Bling Ring a Shiny Package with Nothing of Value Inside
- Friday, June 21, 2013
Release Date: June 21, 2013
Rating: R for teen drug and alcohol use, and for language including some brief sexual references
Genre: Crime, Drama
Run Time: 87 minutes
Director: Sofia Coppola
Cast: Emma Watson, Katie Chang, Israel Broussard, Taissa Farmiga, Claire Pfister, Leslie Mann
Before the screening, a representative for The Bling Ring told the audience the film was 87 minutes long. You could have fooled me; it felt like a lifetime before credits rolled. A painfully slow pace, a story arc that didn’t, and a "plot" that focused on celebrity-worshiping, amoral, self-obsessed teens behaving like idiots add up to a massive waste of time.
Sadly, The Bling Ring is based on a true story. A group of California teens really did break into celebrities' houses to steal stuff and pretend they own the glamorous Hollywood lifestyles of their victims (side note: it's hard to feel too sorry for the victims, considering they wandered off to New York or Miami leaving their doors unlocked or the key under their mat. All that money and they can't afford a security system? But still). Caught up in the ecstasy of pawing through someone else's treasures, one of the young thieves exclaims, "This is sick!" How right she was.
Writer/director Sofia Coppola (Somewhere) said "finding a way to make the characters relatable and sympathetic—this was very challenging." No kidding. Unfortunately, Ms. Coppola wasn't up to the challenge. There isn't a single likable character in the film; when one hopped-up little idiot was waving a loaded gun around I found myself actually hoping she'd shoot someone (preferably herself). See what I mean? This film is such a bad influence it even incites mild-mannered reviewers to crave violence.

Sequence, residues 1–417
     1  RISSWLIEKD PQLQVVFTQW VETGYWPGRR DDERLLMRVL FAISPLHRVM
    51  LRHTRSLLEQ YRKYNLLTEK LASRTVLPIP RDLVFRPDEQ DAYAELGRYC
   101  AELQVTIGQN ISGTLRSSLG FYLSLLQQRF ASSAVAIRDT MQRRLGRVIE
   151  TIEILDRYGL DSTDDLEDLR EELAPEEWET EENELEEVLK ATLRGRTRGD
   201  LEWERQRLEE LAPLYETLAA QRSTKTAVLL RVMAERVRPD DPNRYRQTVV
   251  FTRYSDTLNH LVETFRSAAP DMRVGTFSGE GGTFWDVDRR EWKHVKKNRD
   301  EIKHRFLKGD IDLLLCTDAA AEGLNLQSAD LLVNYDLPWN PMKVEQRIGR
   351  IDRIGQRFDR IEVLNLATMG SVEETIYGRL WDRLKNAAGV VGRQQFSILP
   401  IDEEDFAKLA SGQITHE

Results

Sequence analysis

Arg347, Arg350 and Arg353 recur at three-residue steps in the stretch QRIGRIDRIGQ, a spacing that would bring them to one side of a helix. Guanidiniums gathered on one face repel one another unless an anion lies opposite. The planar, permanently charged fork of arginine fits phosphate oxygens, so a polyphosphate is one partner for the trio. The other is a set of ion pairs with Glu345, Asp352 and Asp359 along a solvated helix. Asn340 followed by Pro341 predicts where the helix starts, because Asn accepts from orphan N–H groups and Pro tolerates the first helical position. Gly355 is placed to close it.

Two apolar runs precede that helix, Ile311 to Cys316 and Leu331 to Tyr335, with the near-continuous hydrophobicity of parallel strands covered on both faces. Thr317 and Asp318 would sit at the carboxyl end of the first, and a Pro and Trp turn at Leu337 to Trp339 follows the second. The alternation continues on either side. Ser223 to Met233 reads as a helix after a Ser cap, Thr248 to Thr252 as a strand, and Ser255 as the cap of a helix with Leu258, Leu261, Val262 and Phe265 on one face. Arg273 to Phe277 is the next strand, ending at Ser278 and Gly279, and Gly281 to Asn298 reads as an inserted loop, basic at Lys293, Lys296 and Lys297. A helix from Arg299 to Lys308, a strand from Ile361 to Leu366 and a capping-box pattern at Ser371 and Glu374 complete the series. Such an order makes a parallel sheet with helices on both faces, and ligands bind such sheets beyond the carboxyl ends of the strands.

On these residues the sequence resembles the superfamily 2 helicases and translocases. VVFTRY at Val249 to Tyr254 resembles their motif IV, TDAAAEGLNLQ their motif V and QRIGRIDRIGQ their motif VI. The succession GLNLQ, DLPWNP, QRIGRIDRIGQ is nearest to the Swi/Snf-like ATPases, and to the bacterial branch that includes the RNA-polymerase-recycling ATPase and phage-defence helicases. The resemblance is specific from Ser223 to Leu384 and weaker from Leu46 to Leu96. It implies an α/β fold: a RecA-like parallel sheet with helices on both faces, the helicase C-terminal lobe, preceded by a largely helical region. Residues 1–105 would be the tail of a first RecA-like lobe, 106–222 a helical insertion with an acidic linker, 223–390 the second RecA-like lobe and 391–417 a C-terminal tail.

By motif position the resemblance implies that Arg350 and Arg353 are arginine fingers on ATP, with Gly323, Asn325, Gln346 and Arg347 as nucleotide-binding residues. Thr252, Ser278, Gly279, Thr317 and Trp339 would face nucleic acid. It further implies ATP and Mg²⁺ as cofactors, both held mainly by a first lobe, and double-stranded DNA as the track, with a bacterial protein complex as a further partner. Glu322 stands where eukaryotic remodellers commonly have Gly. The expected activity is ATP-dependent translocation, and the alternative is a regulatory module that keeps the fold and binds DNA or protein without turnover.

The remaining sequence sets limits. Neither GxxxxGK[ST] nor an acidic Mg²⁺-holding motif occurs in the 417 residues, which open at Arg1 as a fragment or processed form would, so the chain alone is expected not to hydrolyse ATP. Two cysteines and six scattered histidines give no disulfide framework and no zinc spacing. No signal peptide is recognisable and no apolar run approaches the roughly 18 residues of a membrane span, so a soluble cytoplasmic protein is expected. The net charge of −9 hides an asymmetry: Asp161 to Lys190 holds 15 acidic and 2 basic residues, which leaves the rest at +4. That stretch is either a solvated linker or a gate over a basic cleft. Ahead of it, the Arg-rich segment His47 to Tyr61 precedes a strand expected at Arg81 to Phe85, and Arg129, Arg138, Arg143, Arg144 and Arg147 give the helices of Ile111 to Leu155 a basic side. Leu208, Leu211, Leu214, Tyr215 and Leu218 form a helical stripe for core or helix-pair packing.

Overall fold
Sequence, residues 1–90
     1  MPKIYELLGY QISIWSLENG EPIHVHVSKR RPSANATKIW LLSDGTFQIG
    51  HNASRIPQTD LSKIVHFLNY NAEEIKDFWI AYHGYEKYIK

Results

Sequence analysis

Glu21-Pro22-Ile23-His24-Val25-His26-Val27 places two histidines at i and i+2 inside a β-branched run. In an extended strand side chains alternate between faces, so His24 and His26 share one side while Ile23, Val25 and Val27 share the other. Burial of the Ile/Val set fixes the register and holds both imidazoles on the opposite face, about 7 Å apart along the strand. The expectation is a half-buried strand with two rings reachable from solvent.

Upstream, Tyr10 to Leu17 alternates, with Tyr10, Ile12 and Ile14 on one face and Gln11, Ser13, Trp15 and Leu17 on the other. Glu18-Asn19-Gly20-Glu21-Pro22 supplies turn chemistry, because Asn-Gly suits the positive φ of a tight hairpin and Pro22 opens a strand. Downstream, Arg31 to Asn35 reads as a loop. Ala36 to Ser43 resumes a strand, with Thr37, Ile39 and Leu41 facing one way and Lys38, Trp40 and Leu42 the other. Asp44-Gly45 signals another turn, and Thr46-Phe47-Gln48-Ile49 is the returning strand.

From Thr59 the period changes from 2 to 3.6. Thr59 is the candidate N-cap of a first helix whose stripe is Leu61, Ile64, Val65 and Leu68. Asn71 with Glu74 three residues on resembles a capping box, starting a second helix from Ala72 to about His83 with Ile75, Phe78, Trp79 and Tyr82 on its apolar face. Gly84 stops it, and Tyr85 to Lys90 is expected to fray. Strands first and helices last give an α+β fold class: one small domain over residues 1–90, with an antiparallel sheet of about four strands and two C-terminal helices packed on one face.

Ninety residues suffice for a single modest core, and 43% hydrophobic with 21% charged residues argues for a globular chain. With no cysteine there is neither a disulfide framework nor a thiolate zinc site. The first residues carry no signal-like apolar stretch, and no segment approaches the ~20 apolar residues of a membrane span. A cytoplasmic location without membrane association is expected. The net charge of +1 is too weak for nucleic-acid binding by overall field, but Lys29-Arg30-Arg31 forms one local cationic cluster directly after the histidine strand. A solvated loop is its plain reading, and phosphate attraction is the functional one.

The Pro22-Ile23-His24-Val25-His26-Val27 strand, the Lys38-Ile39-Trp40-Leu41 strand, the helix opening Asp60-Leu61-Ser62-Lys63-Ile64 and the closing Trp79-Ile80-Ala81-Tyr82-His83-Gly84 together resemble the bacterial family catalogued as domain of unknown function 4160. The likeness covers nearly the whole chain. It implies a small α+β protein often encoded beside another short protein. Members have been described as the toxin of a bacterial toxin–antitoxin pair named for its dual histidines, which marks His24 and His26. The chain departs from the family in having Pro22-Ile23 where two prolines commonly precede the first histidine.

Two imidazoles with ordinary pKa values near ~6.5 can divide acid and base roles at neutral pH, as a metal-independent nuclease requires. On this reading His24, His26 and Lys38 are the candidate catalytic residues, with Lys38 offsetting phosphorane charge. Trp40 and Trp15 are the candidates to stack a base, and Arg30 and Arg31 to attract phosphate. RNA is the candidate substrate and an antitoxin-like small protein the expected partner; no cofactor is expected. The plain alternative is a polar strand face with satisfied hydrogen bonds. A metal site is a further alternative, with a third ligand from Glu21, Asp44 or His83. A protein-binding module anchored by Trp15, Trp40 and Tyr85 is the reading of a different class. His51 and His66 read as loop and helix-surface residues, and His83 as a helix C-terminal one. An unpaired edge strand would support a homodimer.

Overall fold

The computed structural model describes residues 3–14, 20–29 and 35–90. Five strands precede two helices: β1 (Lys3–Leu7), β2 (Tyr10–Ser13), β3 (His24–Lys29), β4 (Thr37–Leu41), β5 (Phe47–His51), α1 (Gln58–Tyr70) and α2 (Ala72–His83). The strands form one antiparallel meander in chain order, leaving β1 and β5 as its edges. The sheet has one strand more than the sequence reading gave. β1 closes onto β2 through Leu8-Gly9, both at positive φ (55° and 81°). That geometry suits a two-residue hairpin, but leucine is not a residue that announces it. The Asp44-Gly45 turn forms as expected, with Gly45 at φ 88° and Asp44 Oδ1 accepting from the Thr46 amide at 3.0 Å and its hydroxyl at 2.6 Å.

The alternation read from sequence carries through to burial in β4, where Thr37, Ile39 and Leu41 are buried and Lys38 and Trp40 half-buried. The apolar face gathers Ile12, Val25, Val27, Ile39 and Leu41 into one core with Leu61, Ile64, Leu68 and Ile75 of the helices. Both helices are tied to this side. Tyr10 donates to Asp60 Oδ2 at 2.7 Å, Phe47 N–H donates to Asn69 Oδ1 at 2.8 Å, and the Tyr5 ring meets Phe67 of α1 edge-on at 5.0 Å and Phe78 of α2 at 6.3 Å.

The character we’re supposed to care about is Mark (Israel Broussard), described as "the moral center" of the group. If by "moral center" they mean occasionally suggesting leaving the scene of the crime before immediately caving to the contemptuous commands of ringleader Rebecca (Katie Chang), then maybe that's true. He's a pretty squishy moral center and such a nonentity of a character he's practically invisible. Then there’s Nicki, played by Emma Watson (Hermione Granger of the Harry Potter films) of all people. She said the role "gave me permission to do loads of crazy stuff" which may be true, but her self-absorbed character was an irritation to watch (kudos on the valley girl accent, though). Nicki's erstwhile adopted sister Sam (Taissa Farmiga) and hedonistic wild-child Chloe (Claire Pfister) round out the gang, but they're all pretty interchangeable.
Even more annoying than the teens were their parents. Nicki's mother (Leslie Mann, This is 40) is a devout follower of beliefs espoused in the book The Secret who homeschools her girls by asking them to expound on the glory of Angelina Jolie. Mark's dad is so willfully clueless he stands twenty-four inches from a rising curl of pot smoke and never bats an eye. These are parents who don't have a clue what their children are up to and apparently don't much care, which goes a long way toward explaining the teens' actions.
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